As you turn the pages of our 2018 Year in Review, you will see inspirational conservation successes from the people of the U.S. Fish and Wildlife Service and our partners who work to protect fish, wildlife, plants, and natural habitats of the central and Southern California coast. This year, we have many successes to celebrate.
November 16, 2018
Our thoughts continue to be with the communities impacted by the fires in Ventura and Los Angeles Counties in Southern California. We've received a few questions about how these fires are impacting rare plants and animals in our area. While it's still too early to fully understand long-term impacts, we do know that significant areas of habitat that support several rare species across the Santa Monica Mountains and surrounding areas have burned.
November 15, 2018
I feel fortunate to be affiliated with this agency while still keeping in touch with my military roots. I am proud of the work I get to do with the military, especially at Fort Hunter Liggett and Camp Roberts. I spent time at those bases for field exercises during my military service, and now I have the opportunity to see the area from a very different perspective, in terms of the wildlife these bases host.
November 15, 2018
Throughout my career, I always wanted to do more for the long-term conservation of natural resources and those strategic planning efforts; especially for the botanical resources within the California Floristic Province here because the flora is so unique and this region is a global plant biodiversity hotspot. No other government agency does more for natural resource conservation and it has always been my dream to work for the U.S. Fish and Wildlife Service as a botanist for this purpose.
November 6, 2018
Sixty-five miles northwest of Los Angeles, Naval Base Ventura County (comprised of operating facilities at Point Mugu, Port Hueneme, and San Nicolas Island) houses a diverse array of tactical aircraft from E-2 Hawkeyes to MQ-4C Triton Unmanned Aircraft Systems. But did you know that this Naval Base is also home to other rare aerial wonders from the secretive light-footed Ridgway’s rail to the California least tern?
October 5, 2018
Congressman Jimmy Panetta, California State Senator Bill Monning, State Assemblymember Mark Stone, and representatives from the U.S. Fish and Wildlife Service, NOAA, California Department of Fish and Wildlife, and Elkhorn Slough Foundation gathered on October 5 at Elkhorn Slough National Estuarine Research Reserve's Hester Marsh to celebrate the designation of Elkhorn Slough as a Wetland of International Importance by the Secretariat of the Ramsar Convention on Wetlands With this recognition, the Elkhorn Slough joins 38 other wetland sites in the United States — including the San Francisco Bay estuary - and more than 2,330 sites worldwide, in a network of globally important wetlands designated under the world's oldest international environmental treaty. The Convention was signed in Ramsar, Iran in 1971, and almost 90 percent of U.N. member states have since adopted the treaty.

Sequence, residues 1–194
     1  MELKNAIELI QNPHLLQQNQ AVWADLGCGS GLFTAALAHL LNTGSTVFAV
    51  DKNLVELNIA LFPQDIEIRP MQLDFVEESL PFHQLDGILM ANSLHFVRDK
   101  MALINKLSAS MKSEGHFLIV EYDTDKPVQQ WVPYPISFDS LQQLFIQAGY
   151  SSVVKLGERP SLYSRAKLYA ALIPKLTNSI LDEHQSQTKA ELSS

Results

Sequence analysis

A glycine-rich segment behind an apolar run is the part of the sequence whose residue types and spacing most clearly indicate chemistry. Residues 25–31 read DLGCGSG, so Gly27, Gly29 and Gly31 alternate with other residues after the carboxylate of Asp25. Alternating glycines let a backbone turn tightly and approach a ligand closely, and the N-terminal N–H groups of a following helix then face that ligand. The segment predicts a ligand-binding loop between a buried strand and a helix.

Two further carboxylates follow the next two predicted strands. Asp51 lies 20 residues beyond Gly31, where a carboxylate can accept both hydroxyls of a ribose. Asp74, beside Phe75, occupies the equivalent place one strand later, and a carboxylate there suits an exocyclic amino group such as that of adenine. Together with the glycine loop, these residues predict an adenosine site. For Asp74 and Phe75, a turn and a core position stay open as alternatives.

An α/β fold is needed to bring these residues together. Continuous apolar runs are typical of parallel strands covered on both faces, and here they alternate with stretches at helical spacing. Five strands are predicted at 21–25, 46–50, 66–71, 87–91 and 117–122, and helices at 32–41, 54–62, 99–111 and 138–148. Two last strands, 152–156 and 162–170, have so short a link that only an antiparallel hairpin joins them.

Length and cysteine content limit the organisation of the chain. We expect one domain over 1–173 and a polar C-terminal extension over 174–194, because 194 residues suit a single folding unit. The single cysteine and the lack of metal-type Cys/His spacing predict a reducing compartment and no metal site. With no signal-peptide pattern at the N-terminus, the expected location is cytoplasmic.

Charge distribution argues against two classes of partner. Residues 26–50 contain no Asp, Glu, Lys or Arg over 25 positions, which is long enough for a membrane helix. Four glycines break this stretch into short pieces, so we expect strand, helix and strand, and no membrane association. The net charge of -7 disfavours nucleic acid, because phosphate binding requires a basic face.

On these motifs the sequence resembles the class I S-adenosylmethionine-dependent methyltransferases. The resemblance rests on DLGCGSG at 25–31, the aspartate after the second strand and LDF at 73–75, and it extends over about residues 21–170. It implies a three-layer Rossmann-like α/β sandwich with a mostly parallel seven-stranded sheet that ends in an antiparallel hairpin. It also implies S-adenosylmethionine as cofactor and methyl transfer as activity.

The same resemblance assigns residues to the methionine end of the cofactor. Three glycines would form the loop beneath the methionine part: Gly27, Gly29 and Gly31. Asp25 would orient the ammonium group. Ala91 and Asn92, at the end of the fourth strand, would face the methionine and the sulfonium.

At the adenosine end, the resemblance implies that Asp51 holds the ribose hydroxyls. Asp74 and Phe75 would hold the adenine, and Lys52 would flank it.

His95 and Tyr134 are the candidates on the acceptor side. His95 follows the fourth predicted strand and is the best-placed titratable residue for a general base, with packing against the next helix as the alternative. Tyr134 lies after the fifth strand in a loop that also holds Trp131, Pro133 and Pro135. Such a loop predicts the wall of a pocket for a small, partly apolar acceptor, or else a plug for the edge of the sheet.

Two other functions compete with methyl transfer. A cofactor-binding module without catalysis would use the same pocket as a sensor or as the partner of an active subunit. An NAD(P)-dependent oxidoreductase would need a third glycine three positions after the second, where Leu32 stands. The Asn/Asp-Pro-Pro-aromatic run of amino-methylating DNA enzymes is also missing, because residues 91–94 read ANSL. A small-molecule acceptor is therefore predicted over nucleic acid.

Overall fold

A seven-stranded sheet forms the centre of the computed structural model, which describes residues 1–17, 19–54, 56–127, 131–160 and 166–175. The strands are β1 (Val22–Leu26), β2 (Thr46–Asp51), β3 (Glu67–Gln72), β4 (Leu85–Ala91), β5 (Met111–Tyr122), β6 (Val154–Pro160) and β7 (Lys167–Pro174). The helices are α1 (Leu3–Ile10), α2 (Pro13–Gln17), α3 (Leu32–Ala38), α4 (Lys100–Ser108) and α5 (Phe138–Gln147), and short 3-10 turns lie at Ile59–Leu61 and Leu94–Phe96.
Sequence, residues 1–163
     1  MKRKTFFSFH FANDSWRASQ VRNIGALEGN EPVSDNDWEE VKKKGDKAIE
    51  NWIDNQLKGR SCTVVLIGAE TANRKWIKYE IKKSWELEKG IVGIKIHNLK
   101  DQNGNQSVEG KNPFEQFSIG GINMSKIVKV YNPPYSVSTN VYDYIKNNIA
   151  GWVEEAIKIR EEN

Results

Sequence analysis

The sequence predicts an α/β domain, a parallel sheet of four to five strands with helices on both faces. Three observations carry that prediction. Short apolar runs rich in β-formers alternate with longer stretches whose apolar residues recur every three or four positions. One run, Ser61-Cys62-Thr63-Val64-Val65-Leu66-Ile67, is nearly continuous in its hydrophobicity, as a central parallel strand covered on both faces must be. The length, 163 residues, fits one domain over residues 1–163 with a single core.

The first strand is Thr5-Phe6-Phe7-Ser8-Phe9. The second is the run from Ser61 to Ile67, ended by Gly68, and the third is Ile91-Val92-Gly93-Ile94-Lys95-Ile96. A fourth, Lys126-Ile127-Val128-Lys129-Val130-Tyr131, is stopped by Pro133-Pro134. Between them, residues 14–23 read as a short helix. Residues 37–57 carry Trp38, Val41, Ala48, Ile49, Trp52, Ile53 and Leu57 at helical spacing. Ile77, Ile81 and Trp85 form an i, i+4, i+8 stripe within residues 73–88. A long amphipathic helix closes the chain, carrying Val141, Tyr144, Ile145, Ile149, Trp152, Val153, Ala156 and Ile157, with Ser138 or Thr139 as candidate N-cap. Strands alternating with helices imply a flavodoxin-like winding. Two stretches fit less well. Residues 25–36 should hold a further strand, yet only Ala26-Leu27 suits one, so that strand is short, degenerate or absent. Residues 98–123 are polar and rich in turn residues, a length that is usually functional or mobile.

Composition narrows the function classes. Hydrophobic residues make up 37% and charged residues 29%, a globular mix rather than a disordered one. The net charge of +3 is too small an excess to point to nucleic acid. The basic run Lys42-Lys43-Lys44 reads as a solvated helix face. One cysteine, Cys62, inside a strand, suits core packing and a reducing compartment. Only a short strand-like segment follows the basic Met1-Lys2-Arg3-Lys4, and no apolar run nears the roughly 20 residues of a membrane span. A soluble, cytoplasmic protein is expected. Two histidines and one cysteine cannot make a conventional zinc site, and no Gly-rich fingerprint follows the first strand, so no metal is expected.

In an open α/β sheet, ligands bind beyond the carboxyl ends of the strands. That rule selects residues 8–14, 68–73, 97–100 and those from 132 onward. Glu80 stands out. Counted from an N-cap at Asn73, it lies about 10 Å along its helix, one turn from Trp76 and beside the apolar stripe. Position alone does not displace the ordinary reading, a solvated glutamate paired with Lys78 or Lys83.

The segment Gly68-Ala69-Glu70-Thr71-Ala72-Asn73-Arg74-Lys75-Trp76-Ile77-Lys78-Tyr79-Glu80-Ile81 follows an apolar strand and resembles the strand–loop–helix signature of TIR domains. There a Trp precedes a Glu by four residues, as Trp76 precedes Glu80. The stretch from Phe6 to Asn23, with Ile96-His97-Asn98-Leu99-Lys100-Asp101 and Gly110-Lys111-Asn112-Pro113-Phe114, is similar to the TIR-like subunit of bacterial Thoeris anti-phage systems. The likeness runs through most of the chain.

September 25, 2018
Southern sea otter numbers have declined off the coast of California since peaking in 2016, but the average population count remains above 3,090 for the third consecutive year. According to the U.S. Fish and Wildlife Service's Southern Sea Otter Recovery Plan, the population average count would have to exceed 3,090 for three consecutive years for southern sea otters to be considered for delisting under the Endangered Species Act. Despite the recent dip in numbers, the population average count this year has reached this three-year threshold.
September 18, 2018
Less than a minute's drive from the outskirts of Watsonville, California, is a hidden gem: a small coastal farming community alive with flora and fauna known as Watsonville Slough Farm. It's 500-acres lies in the heart of one of California's largest coastal wetlands. Through thoughtful and strategic land management on the property the wetlands, and the wildlife, are thriving alongside fields of organic artichokes taller than the average human, lettuce, broccoli, other row crops and strawberries ripe for the picking. Yet the habitat did not always look that way.
July 16, 2018
Joonya Lopez steers his quiet, 22-foot electric boat carefully around the boat docks, coming up parallel to a group of a hundred or so harbor seals basking in rays of sunlight peeking through an overcast sky. The bank is teeming with wildlife, from pelicans and cormorants to gulls and other seabirds. It's a serene morning at Elkhorn Slough, one of the largest wetlands in the state of California.
June 13, 2018
Can a committed conservationist find happiness with a guy whose living focuses on the search for oil? Absolutely, provided the two share a core belief: that conservation and industry can go hand-in-hand - yes, just as they do. The Faiths - Nadya and Luke - can show you how it's done.
May 2, 2018
The San Fernando Valley spineflower, a tiny plant once believed extinct, has a promising future thanks to support from an unlikely source - a Southern California developer. That developer, FivePoint Holdings, LLC, is working with the U.S. Fish and Wildlife Service (Service) as well as other agencies to ensure that a plant found only two places in the world will continue to grow in its native habitat.
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Ventura Fish and Wildlife Office
US Fish and Wildlife Service
2493 Portola Road, Suite B
Ventura, California 93003

805-644-1766

805-644-3958